Wei Dong has gained fame for his controversial paintings of nude women in outlandish poses and weird settings.
Most of his works in this style evoke eroticism, but they also tend to raise eyebrows and draw snickers.
They may appear mischievous, but they are always well-crafted, meticulous in details.
They exhibit the artist’s flair for European classicism: naked Chinese women become Botticelli figures set against a Boschian scene.
According to Wei, all he wanted to do was bring out his melancholy and fears through the expression of primitive desires.
But he admits he has mellowed. “I am no longer young, and I no longer scream and cry for other people’s attention. I would just like to quietly attract listeners by telling my stories. Fear and anxiety are still here, but they have become subtler,” Wei explains.
Wei traces his angsts to his childhood years. In school, he often felt he was the odd man out. He didn’t excel academically.
Painting provided the only outlet for self-expression, the only way he could gain a little self-respect.
“Good students were unwilling to talk to me, as if I could inflict my ‘stupidity’ on them. I had no friends and got alienated. Only when I drew pictures, people would surround me and talk to me, awarding me with a little sense of respect.”
Pursuing his studies, Wei took up fine arts at the university. But college life didn’t provide much solace.
His rebellious nature didn’t endear him to his teachers. He hated constraints and did the exact opposite of what his teachers told him.
He used curved lines when his teacher asked him to use straight lines only. In figure drawings, he started by doing the eyes, instead of doing the outline to get the right proportions.
“I always did it the wrong way, and it took me a long time to get the figures right. Anyway, I could also do it the right way.”
Teachers labeled him a bad student, and Wei lived up to their expectation. He went to class to have his attendance taken, and left.
Instead of listening to classroom lectures and doing tedious exercises, Wei bought books on European and Oriental masters, and learned their painting techniques by copying their works.
At one time, he was able to copy nearly all the works of the four masters of the Ming Dynasty.
His efforts gave him a strong foundation for his current landscape works.
“I found it easier to communicate with the masters,” says Wei. “I was so obsessed and I maniacally thirsted for knowledge. I found the way to satisfy my yearning for education that the school couldn’t offer me.”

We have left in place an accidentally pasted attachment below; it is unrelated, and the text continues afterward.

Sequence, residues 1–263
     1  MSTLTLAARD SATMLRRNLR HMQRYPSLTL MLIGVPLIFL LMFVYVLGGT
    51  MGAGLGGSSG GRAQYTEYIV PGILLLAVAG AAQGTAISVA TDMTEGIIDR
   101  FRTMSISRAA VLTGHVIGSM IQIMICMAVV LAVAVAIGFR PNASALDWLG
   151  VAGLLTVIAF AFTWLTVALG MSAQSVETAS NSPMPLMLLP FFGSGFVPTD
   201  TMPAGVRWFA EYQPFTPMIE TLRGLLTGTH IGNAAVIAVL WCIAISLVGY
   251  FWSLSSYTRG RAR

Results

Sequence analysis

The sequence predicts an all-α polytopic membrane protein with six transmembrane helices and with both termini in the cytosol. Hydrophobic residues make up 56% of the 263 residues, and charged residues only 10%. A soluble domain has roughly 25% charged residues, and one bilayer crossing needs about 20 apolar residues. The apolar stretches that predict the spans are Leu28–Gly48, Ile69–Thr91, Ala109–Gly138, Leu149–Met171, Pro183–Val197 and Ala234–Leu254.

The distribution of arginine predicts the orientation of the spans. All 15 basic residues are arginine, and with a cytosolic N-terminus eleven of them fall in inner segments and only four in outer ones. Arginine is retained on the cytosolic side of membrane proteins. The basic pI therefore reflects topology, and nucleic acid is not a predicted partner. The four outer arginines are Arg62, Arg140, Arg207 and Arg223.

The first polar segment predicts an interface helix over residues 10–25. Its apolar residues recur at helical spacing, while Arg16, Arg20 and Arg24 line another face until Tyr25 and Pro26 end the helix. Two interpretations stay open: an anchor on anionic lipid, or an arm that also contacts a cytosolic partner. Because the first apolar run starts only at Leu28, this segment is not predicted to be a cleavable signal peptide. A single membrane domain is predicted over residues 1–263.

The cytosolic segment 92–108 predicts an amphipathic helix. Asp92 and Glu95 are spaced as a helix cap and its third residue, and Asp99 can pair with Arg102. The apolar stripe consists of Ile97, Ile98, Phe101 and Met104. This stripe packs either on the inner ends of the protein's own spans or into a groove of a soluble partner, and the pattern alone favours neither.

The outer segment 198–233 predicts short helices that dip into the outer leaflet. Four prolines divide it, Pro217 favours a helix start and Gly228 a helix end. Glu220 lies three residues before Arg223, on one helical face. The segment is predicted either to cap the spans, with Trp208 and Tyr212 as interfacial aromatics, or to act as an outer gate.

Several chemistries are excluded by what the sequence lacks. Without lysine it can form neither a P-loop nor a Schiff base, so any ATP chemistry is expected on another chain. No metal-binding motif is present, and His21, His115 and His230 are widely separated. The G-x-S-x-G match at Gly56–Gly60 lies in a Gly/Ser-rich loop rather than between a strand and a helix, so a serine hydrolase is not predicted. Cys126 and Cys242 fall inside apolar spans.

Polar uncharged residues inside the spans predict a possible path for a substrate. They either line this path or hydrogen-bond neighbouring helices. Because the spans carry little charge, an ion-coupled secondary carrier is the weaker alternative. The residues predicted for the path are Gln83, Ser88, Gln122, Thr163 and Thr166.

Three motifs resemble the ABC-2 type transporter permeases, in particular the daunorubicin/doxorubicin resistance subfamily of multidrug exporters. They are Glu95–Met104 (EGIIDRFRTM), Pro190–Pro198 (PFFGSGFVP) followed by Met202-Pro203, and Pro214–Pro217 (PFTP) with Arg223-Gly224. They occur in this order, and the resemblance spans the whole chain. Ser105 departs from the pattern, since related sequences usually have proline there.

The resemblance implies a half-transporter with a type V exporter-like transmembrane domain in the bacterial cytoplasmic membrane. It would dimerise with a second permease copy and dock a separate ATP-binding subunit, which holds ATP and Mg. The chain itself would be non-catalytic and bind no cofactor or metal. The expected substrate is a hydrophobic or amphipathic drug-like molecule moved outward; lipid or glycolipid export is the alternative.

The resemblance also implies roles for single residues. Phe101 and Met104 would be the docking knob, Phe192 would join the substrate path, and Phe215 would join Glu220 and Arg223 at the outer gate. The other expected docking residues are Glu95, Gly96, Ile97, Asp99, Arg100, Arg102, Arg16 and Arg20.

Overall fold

Sexuality was the recurring motif in Wei’s early works.
“Why should so many people evade sex? The body itself is beautiful, but people try their best to cover it,” he observes.
“Hence, in my early works, I presented it openly, but little people were thinking the same way as I did. Though my works were getting powerful, the viewership was becoming smaller. I started to consider making my paintings subtler.”
He sees this gradual change in his works as a sign of his growing maturity. He believes his subtler expression is even more powerful.
In the ’90s, Wei created works with strong visual contrasts by painting modern-day people in incongruously traditional landscapes.
From 2001, when he moved to New York, his works started to bear an unmistakable western quality.
Since last year, Wei has based himself in Beijing. “I stay in the United States for holiday, but I stay in China for work.”
He has reduced his output, which enables to devote more time to each work.
Wei’s decision to return to traditional Chinese landscapes is a tribute to his beloved father.
“He didn’t give me much money or an affluent life, but he equipped me with a free spirit,” says Wei.
Growing up during the Cultural Revolution, Wei witnessed how his father and a group of art enthusiasts secretly gathered for art appreciation sessions where they viewed and discussed foreign artworks.
“My father would like to express himself through painting all his life; however, due to many reasons, he could only treat it as a pastime,” he said.
When he was a small kid, Wei and his father painted together. One day, when Wei was 14, his father decided to give away all his drawing tools and albums to his son and announced that he had quit painting.
And so Wei took up the challenge and became a painter. However, his father found it hard to understand his works.
“After seeing those big and weird erotic figures, he didn’t say they were good or bad. He simply asked if I could paint him a landscape without those figures on the foreground.”
Wei told his father he would do such a work, but he remembered his promise only a year after his father died.
That’s why he started doing landscape paintings. And instead of painting nudes in weird settings as he did in the ’90s, Wei introduced figures that blend harmoniously with serene landscapes.
“People thought that I have to safeguard Chinese culture as I have started painting traditional landscapes. I first found it ridiculous as they simply have overestimated me … An artist must pursue freedom, he favors nobody in the act of creation,” he says.
But at the same time, he could not turn his back on his heritage. “Chinese paintings are my roots as I grew up with them. There was a time when I would like to go out and see the world. Now it’s time to return.”
The art exhibition — Crossroads: Wei Dong — is being hosted by Sotheby’s Hong Kong until August 8. It showcases his collection of artworks between 1996 and 2015.
This article appeared in the Hong Kong Economic Journal on August 5.
Translation by Darlie Yiu
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